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Spokane, Washington  Est. May 19, 1883
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100 years ago in Spokane: Police commissioner vows to arrest anyone passing out socialist flyer calling for ‘social revolution’

Under cover of night, Spokane radicals distributed handbills throughout downtown calling for, among other things, “Social Revolution,” the Spokane Daily Chronicle reported on Feb. 14, 1919. The newspaper also reported that former President William H. Taft would be arriving in Spokane the next evening. (Spokesman-Review archives)
Under cover of night, Spokane radicals distributed handbills throughout downtown calling for, among other things, “Social Revolution,” the Spokane Daily Chronicle reported on Feb. 14, 1919. The newspaper also reported that former President William H. Taft would be arriving in Spokane the next evening. (Spokesman-Review archives)

Under cover of night, Spokane radicals distributed handbills throughout downtown calling for, among other things, “Social Revolution.”

The Spokane Daily Chronicle said the publications were of a “highly inflammable character” – perhaps meaning inflammatory. They were addressed to “American workers” and they urged workers to organize against capitalism. They applauded the Russian Revolution and said that “for the first time in the history of the world a social order is being established that is founded upon the self-interest of the world – from Russia it is spreading westward over Europe and then over the world!”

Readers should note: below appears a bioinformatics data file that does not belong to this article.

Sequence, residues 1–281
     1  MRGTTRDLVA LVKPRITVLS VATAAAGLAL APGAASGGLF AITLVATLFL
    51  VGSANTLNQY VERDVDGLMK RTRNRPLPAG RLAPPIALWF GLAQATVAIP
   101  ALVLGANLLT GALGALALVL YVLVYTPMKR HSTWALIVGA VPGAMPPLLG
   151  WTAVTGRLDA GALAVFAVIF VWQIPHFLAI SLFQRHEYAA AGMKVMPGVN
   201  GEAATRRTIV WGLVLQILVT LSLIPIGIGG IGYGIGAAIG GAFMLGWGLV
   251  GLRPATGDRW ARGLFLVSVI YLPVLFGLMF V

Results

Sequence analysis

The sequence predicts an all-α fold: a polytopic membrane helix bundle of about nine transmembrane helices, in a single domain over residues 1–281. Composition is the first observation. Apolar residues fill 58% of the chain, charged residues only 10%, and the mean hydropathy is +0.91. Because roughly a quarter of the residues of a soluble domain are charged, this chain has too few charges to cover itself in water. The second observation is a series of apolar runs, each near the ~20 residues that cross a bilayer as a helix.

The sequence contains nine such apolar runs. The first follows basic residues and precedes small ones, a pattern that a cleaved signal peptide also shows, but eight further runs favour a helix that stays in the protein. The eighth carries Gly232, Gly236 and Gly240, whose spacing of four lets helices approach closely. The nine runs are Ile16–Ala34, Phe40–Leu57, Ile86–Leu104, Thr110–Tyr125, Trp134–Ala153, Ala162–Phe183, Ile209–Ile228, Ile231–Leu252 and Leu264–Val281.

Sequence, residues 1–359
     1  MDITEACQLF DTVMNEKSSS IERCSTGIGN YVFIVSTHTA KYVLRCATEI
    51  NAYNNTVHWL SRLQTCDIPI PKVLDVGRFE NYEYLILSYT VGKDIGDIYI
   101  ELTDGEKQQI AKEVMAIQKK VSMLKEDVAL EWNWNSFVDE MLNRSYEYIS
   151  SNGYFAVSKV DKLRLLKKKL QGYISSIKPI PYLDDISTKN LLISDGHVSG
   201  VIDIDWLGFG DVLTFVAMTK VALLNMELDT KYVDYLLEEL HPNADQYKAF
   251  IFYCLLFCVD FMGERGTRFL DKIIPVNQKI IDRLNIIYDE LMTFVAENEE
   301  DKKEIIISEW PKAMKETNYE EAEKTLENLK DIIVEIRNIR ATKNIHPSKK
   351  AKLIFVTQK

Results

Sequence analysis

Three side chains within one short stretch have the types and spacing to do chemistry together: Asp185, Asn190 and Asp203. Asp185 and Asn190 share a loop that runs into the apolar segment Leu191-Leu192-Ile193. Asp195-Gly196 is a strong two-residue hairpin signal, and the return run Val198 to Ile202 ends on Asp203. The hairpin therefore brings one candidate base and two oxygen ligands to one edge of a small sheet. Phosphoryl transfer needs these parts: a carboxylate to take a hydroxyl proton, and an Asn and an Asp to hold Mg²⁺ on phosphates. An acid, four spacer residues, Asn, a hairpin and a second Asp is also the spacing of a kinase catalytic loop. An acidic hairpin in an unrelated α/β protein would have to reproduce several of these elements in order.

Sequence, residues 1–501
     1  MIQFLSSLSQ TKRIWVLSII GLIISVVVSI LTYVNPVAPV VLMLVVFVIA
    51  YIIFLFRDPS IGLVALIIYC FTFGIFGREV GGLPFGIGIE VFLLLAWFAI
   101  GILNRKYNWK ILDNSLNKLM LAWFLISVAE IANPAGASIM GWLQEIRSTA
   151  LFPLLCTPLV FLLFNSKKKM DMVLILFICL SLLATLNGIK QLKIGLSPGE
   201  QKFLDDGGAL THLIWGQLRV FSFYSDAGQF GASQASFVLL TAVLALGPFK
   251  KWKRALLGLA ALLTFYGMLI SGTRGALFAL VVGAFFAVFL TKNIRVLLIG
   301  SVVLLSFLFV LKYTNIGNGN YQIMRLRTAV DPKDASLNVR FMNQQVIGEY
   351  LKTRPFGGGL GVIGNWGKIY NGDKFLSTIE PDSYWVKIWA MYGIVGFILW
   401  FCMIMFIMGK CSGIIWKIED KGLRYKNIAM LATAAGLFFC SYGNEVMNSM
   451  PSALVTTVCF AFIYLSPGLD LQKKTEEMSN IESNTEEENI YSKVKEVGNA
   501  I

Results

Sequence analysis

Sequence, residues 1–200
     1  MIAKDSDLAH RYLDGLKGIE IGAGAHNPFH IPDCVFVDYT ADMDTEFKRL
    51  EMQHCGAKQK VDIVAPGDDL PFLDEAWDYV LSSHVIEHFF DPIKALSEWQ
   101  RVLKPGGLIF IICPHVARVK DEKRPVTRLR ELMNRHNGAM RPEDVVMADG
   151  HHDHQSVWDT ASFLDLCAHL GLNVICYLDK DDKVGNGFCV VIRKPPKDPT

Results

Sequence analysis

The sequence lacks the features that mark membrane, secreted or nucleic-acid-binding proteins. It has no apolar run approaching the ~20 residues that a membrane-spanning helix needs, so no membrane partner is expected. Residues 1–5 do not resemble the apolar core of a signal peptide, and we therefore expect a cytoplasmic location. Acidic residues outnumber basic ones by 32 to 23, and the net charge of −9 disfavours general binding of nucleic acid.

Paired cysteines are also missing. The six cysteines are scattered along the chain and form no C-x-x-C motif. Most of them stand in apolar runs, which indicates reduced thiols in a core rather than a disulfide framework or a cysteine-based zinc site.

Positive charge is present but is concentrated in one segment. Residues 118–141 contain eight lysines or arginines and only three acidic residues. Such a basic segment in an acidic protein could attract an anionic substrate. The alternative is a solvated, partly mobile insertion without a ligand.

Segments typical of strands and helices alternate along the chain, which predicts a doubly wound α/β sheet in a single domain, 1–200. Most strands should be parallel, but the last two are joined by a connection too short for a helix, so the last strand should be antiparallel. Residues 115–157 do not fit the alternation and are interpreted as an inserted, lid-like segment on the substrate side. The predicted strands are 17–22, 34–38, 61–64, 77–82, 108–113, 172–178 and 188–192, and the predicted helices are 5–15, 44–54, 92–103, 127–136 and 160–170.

John H. Tilsley, Spokane’s commissioner of public safety, said police were ordered to arrest anyone caught passing out the handbills. He speculated it was part of an effort to drum up enthusiasm for a speech by Max Eastman, an “international revolutionary leader,” scheduled for Spokane that evening.

From the amusement park beat: A new ride at Natatorium Park called “The Whip” was being installed at the eyebrow-raising cost of $10,000. It was intended as a permanent fixture and has “created a sensation among the bigger and more up-to-date summer resorts.”

The Washington Water Power Co., which owned the park, said it was also renovating the swimming pool that gave Natatorium Park its name.

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